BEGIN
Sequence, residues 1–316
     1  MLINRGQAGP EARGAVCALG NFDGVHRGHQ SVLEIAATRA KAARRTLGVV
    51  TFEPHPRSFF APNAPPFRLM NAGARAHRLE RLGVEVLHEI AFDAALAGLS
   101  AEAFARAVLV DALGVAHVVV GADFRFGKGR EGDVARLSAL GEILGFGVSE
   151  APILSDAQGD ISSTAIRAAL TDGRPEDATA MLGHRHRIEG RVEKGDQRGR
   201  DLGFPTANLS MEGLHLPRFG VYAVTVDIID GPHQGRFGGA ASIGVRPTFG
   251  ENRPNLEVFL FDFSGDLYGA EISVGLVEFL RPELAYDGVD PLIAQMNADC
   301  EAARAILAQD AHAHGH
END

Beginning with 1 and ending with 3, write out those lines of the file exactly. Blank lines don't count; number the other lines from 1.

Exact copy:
Sequence, residues 1–316
     1  MLINRGQAGP EARGAVCALG NFDGVHRGHQ SVLEIAATRA KAARRTLGVV
    51  TFEPHPRSFF APNAPPFRLM NAGARAHRLE RLGVEVLHEI AFDAALAGLS